How To Do A Planche

Learning how to do a Planche can be very useful in your breakdancing routine. Doing a Planche at the right time can give you a much needed second to rest as well as show off your acrobatic abilities. The most important part about pulling of a successful Planche is that when you complete one, you end up in a standing position immediately ready to link another cool move. The Planche is one of those moves that looks really good if you pull it off correctly, but it isn't awesome enough to sustain a routine. It's better used as a bridging technique to link one acrobatic move to another. Here's how you pull of a Planche.

  1. What it looks like. A Planche maneuver has the breakdancer balancing in such a way that it appears as if the B-boy is horizontal. Or at least, slightly horizontal. Like most freezes in breakdancing, balance and power are the two key elements in pulling a Planche off. You'll see, the more you practice, the more horizontal you'll seem when you use the move. Watching other dancers, you'll see that they aren't totally horizontal. The truth is, their legs will be elevated higher than their upper bodies. So, if you're not balancing at a perfect 180 degrees, don't get frustrated.
  2. Strength. The most important thing to have when learning how to do a Planche is strength, specifically in your upper body. The Planche is best described as a semi-horizontal handstand which means the majority of your weight will be falling on your shoulders, arms and wrists when you attempt the move. For your best interest, you need to have a strong upper body.
  3. Your arms. Because your arms and shoulders will be handling all of your body weight, correct arm and hand placement are definitely needed to pull off a good Planche. When you jump into a Planche, your arms need to be shoulder length a part and stiff. Make no doubt about it, your muscles will be flexed. If you don't, you're falling over.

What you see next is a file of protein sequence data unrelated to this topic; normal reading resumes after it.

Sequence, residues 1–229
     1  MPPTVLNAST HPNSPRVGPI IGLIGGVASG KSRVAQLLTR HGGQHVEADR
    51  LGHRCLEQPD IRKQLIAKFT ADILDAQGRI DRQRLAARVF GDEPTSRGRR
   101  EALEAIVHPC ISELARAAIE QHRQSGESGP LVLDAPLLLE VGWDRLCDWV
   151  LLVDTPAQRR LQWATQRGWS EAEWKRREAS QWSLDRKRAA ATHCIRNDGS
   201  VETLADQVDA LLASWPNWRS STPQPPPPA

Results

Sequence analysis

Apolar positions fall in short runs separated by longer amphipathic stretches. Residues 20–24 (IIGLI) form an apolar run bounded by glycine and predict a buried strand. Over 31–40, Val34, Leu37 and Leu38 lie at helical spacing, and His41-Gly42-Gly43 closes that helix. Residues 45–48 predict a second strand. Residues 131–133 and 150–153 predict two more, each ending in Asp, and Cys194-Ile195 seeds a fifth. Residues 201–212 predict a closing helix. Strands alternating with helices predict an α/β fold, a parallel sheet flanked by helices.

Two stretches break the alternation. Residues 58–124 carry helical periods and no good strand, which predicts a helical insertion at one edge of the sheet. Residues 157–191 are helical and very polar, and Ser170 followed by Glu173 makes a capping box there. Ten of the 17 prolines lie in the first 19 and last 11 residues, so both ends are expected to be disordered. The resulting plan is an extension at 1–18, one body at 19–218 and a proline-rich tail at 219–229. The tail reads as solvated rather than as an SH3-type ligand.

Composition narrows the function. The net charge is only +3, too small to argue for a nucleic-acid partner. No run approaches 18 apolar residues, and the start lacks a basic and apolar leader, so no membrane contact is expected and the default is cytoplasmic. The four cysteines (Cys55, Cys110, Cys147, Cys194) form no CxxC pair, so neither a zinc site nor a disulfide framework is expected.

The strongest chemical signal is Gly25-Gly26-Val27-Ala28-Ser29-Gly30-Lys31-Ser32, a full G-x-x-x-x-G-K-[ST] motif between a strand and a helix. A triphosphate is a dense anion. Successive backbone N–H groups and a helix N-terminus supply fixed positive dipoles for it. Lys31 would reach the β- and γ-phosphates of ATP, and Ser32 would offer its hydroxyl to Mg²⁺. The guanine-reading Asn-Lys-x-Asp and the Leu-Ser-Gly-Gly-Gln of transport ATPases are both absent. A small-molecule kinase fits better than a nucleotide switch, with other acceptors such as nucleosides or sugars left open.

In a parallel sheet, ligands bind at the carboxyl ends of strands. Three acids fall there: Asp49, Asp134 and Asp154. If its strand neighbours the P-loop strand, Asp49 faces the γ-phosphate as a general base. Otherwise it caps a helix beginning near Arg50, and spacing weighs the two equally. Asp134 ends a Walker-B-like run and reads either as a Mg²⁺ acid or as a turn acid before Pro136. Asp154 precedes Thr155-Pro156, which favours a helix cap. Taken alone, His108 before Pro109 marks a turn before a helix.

4. Your hands. Your hands can't be facing totally forward because you run the risk of breaking your wrists and fingers when you attempt to hold up your body weight. They can't be facing out ward either because you won't be balanced. You have to find a happy medium. Practice with this one. Remember, if your hands are at any extreme, you'll fall over and probably break something.
  5. Arm and hand placement. Your arms should be shoulder length a part with your hands placed somewhere between forward and to the sides. You'll have to find a comfortable position for them. Your arms and hands should be pushing on the mat at about your mid-torso.
  6. Your shoulders. The stronger they are, the better. You'll see that once you jump into a Planche you'll need to lean further forward to help balance yourself. Your shoulders will be burning from the added weight.
  7. Your bottom half. You need to have your legs completely straight and extended to make the Planche look good. Because of this, you'll notice that you'll need to elevate them to compensate  for the brunt of your weight being on your shoulders. This is why it's important to have strong shoulders and arms. The stronger your upper body, the more horizontal you can actually make yourself during the maneuver.
  8. Practice. The more you practice, the better you'll become. Your strength will begin to build and you'll notice you can hold the pose longer. But don't forget, posing for too long isn't cool, especially if it takes away from the overall performance.
show comments

What Others Are Reading Right Now.